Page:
Researchers from Coventry University’s Faculty of Health and Life Sciences have found no robust evidence that conversion therapy can change a person’s sexual orientation or gender identity.
They have, however, found evidence that it is associated with poor mental health outcomes, including suicidal thoughts.
The researchers have published a review of the evidence and qualitative research examining the first-hand experiences of conversion therapy in the UK.
The research was commissioned by the Government Equalities Office (GEO) as part of its LGBT Action Plan, which pledged to bring forward proposals to end the practice of conversion therapy in the UK. GEO’s National LGBT Survey – the largest of its kind anywhere in the world – found in 2017 that 2% of LGBT+ respondents had undergone conversion therapies and a further 5% had been offered them.
International evidence published from 2000 to 2020 was reviewed by Coventry University academics and 30 people, aged from 20 to 60 years old, who had undergone conversion therapy in the UK were interviewed.
Twenty of the interviewees had experienced conversion therapy in the UK within the last ten years and another ten had experienced it between 10-20 years ago.
Lead researcher Dr Adam Jowett, Associate Head of the School of Psychological, Social and Behavioural Sciences at Coventry University said: ‘Our evidence review found there is no credible evidence that conversion therapy can change a person’s sexual orientation or gender identity, however there is evidence that such practices are associated with harmful outcomes, including suicidal thoughts.
‘Most of the existing research is currently US-based so it was important to hear from people who have experienced these practices in the UK.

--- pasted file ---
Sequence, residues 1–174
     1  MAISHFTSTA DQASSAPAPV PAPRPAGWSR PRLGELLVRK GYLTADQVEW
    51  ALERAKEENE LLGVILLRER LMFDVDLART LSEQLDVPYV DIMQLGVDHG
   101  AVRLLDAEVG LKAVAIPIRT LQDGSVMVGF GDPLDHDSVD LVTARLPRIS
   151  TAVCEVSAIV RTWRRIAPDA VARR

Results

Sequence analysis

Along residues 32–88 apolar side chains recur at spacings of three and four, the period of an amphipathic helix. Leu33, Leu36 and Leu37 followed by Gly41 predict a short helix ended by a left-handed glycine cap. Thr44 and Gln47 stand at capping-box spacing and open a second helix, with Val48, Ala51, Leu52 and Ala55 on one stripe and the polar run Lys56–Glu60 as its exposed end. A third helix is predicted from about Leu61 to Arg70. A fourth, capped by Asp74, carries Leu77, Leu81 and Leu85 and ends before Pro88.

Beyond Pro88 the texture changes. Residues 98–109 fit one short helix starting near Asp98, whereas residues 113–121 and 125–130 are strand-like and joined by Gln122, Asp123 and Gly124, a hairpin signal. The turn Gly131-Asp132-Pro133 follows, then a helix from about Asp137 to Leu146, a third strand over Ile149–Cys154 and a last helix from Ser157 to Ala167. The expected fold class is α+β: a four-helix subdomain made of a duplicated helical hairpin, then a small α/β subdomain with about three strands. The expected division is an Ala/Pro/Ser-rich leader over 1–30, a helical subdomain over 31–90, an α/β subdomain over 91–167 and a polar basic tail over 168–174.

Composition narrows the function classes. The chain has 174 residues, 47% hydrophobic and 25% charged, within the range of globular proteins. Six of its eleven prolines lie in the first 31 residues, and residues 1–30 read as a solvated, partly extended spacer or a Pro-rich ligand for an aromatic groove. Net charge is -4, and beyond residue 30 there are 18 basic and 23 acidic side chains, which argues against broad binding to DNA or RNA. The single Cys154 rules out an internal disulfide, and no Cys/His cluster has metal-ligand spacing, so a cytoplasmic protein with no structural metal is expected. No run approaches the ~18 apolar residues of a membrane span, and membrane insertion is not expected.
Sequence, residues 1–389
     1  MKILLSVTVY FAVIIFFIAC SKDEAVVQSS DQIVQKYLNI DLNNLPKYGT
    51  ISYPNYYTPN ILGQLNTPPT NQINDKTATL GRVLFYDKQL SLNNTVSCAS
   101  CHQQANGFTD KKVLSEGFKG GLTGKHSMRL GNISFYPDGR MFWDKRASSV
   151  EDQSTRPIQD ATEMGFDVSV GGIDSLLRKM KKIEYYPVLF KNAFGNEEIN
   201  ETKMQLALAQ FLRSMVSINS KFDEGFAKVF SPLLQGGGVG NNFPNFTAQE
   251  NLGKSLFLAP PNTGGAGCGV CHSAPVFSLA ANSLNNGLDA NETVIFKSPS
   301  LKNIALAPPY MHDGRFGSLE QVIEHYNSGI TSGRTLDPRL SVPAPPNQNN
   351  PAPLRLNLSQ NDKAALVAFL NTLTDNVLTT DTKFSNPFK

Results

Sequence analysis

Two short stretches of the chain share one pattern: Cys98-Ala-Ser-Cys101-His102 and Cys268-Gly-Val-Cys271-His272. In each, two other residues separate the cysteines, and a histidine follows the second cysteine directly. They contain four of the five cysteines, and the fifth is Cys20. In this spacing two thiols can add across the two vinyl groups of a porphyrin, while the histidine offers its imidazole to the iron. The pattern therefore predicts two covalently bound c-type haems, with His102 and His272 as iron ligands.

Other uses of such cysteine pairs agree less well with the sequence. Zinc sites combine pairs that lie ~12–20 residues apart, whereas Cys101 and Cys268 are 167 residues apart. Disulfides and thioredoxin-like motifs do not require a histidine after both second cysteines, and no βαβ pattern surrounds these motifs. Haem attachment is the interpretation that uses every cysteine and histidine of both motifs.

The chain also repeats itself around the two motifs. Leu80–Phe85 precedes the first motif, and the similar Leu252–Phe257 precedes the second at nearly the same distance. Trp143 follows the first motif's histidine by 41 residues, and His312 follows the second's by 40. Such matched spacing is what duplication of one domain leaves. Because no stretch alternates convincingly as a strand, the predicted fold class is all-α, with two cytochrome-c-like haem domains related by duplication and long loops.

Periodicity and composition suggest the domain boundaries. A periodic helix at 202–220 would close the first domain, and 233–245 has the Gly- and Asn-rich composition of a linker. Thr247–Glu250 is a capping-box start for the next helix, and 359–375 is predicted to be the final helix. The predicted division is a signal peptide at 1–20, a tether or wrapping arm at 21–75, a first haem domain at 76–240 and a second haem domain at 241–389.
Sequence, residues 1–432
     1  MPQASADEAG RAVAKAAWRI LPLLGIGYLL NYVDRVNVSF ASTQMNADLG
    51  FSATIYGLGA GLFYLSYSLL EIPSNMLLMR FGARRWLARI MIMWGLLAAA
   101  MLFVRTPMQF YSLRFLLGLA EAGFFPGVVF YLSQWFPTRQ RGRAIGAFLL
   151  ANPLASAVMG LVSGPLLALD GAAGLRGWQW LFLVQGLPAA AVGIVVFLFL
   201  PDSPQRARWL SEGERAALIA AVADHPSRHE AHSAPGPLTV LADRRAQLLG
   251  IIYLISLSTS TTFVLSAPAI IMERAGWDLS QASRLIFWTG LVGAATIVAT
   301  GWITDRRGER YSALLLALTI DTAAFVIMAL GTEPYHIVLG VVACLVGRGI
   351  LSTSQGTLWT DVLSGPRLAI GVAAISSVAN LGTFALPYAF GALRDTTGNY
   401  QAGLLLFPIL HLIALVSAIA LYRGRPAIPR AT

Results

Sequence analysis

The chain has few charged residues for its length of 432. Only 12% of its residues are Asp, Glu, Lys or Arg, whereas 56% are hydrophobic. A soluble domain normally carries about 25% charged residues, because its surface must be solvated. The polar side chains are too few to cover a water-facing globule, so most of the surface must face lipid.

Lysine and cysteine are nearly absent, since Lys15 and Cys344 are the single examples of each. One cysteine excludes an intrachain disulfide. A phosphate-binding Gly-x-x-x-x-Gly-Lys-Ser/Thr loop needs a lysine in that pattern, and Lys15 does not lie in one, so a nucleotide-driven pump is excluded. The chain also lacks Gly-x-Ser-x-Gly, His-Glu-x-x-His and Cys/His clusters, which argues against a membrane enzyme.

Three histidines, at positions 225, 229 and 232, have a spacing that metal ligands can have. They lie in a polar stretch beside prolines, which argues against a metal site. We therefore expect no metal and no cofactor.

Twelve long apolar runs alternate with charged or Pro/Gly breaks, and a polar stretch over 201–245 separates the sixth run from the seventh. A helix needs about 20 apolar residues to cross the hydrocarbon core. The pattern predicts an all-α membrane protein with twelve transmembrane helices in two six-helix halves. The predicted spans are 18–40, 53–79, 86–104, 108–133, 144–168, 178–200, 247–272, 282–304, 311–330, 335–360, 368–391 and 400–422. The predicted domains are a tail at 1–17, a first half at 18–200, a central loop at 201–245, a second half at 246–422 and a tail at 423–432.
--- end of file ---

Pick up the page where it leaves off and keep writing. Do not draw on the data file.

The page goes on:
‘Many of the people we spoke to described the negative impact it had on their mental health. They explained how conversion efforts had reinforced social stigma associated with their sexual orientation or gender identity which exacerbated internal conflicts they were experiencing. In some cases, survivors described how so-called conversion therapy led them to feel suicidal.’
The research also explored the range of legislative approaches adopted around the world and found that laws in other countries vary widely in scope, targeting a variety of sectors either individually or in combination (for example: healthcare contexts, religious contexts, advertising).
The Government is now opening a six-week public consultation over how best to end conversion therapy.
Minister for Women and Equalities, Liz Truss, said: ‘There should be no place for the abhorrent practice of coercive conversion therapy in our society.
‘Today we are publishing detailed proposals that will stop appalling conversion therapies and make sure LGBT people can live their lives free from the threat of harm or abuse.
“As we build back better from the pandemic, I want everyone to be able to love who they want and be themselves. Today’s announcement sets out how we will ban an archaic practice that has no place in modern life.”
The findings of the research can be found here.